[-empyre-] free will and determinism

If I understand the objections some have stated on the list to the notion
that human thought processes could be algorithmic in their nature, without
exception, it seems to be that there's a feeling this denies free will. But
I don't think this is the case. For us to have free will does not have to
mean (and never did) that if time could be rewound (which it apparently
can't be) that we could choose to do other than we did, given the exact same
state of everything (including us) previously. Why should this be the
condition of free will? We will never know if we have free will, in this
case, because we will probably never be able to rewind time.

Instead, free will resides in our real ability to make decisions and change
ourselves, our lives and, sometimes, others and even the world, in the face
of great difficulties, our own limitations, and the mechanisms of the world
*and ourselves* which *do* resist such committment and desire to live up to
the higher ideals of humanity which, I take it, we would share to some
extent with any creatures subject to similar difficulties and challenges, to
pain and death and suffering and an ability to reflect on their own
situation with the depth language affords. We may also have compassion for
our fellow creatures on this planet and they, sometimes, for us. Compassion
may arise as soon as we glimpse the pain of others and their difficulties,
whether they are from our own culture or are from Alpha Centuri.

None of this is negated or diminished in the notion that our thought
processes are algorithmic. I really don't think that the notion that our
thought processes could be algorithmic in their nature diminishes our
humanity in the least. I think it is an error of understanding what is
involved in the notion that gives rise to the repugnance people feel to the

To some extent the objection is simply that it reduces us to machines, and
there's the same sense of our having been diminished by this as people felt
in reaction to Darwin's idea that we descended from apes. But there is quite
a distance between apes and humans (yet also, as we have allowed ourselves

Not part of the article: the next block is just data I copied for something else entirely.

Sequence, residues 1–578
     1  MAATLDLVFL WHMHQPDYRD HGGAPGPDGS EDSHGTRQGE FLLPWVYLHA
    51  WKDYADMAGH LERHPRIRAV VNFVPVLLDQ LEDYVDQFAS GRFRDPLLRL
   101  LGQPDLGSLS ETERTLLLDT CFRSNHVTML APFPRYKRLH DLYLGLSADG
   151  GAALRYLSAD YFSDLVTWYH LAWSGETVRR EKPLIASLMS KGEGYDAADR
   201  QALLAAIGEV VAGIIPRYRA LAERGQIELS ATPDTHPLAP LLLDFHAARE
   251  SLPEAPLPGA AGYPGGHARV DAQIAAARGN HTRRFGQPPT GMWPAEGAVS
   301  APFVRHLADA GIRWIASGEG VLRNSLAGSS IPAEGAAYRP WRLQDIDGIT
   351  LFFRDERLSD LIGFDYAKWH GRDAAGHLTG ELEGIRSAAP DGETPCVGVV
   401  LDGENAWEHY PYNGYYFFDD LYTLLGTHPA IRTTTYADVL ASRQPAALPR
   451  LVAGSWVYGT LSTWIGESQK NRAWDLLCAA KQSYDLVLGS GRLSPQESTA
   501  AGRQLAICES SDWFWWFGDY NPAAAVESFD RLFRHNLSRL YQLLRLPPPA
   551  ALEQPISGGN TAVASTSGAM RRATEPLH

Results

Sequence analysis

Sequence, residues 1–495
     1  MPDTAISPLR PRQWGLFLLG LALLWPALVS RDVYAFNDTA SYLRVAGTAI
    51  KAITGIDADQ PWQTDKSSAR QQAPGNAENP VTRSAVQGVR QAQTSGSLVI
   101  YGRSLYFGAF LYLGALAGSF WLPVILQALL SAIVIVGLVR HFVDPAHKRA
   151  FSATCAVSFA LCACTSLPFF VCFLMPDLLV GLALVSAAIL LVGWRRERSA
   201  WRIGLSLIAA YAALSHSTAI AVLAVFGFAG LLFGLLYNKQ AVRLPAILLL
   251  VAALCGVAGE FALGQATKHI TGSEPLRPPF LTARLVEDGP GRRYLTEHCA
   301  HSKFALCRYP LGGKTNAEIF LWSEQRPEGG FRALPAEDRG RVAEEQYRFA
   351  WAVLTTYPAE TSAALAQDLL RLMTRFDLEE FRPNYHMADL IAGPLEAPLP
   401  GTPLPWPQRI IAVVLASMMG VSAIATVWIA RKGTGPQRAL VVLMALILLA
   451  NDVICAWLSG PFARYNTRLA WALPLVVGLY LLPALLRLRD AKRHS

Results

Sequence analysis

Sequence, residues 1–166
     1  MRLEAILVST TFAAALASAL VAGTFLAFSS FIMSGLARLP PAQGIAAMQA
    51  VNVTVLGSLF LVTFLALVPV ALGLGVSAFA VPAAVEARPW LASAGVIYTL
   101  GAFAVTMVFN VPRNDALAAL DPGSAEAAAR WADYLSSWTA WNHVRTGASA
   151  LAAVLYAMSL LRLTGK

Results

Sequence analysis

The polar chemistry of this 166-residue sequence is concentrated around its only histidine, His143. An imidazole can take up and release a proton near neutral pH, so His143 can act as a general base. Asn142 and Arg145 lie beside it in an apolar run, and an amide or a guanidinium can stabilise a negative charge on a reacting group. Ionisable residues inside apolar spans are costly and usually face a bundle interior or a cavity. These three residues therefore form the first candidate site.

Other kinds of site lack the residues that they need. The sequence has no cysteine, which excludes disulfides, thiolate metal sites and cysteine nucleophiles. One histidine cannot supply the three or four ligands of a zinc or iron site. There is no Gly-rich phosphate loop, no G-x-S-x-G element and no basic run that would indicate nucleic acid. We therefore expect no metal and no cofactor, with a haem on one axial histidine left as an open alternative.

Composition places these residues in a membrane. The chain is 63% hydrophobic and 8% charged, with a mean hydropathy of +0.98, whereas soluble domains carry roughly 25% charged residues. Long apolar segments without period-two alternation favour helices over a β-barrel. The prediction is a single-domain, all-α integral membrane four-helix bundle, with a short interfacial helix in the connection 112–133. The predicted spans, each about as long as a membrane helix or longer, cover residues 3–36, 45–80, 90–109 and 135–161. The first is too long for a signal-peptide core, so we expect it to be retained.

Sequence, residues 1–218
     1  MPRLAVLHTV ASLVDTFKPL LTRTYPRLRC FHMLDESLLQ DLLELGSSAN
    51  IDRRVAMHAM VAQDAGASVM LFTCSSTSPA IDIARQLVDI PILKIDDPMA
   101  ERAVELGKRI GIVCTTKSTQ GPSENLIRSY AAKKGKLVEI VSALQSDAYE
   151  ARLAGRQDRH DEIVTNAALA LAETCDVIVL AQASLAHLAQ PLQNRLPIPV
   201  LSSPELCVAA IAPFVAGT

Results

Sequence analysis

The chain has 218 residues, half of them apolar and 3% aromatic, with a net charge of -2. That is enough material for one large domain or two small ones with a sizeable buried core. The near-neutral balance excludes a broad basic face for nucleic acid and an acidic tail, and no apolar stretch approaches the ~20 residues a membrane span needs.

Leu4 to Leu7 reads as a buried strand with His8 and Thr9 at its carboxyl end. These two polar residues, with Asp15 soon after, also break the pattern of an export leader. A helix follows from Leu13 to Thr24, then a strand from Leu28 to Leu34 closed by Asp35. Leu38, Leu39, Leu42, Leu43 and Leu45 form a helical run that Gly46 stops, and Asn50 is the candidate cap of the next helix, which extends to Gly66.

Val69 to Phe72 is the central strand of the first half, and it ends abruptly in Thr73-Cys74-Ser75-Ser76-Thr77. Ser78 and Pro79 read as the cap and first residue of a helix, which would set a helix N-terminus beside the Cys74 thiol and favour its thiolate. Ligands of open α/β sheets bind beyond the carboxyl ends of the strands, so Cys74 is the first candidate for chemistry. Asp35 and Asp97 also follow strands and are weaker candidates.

to observe since, interesting similarities), and there is far far more
distance between humans and any machine currently on this planet.

We are OK with the notion that the functioning of the body is mechanical,
but we balk at the notion that the functioning of the brain and the mind is
also mechanical. So what if it is? This does not diminish us. It doesn't
even make us less reponsible for our actions.

To change ourselves requires will. As Alan pointed out, meaning is
constructed. And we do exercise a certain freedom in constructing what
things mean to us, since we construct meaning and the choices to be made in
its construction are many. We can reshape our algorithms, do this
continually, though this is at great effort, usually, via other algorithms.
And we *are* responsible for many of our actions, *are* capable of grappling
with moral issues, for instance, that transcend culture, and make our
decisions at least with this ability at hand.

The idea that writers such as Penrose offer anything but bogus mathematical
proofs that humans can do things that no computing machine ever can is not
the way to go. Penrose's 'proofs' that humans can do things like solve the
halting problem are utterly disproved and were so more or less from the day
the books hit the stands. Yet they are still held up as offering 'proof'.

As we understand more of the mechanisms of matter and mind, we build around
the world and ourselves what amount both to extensions of ourselves and our
powers and also the challenge of finding/creating the human dimensions of
these extensions, of getting some blood pumping through them, of making them
capable of helping us implement in the world and these tools the compassion
and justice to which we aspire. Rather than having them be steel/binary
claws we use to swipe at one another. How shall we live up to the new
proportions of our own powers and humanity?


This archive was generated by a fusion of Pipermail 0.09 (Mailman edition) and MHonArc 2.6.8.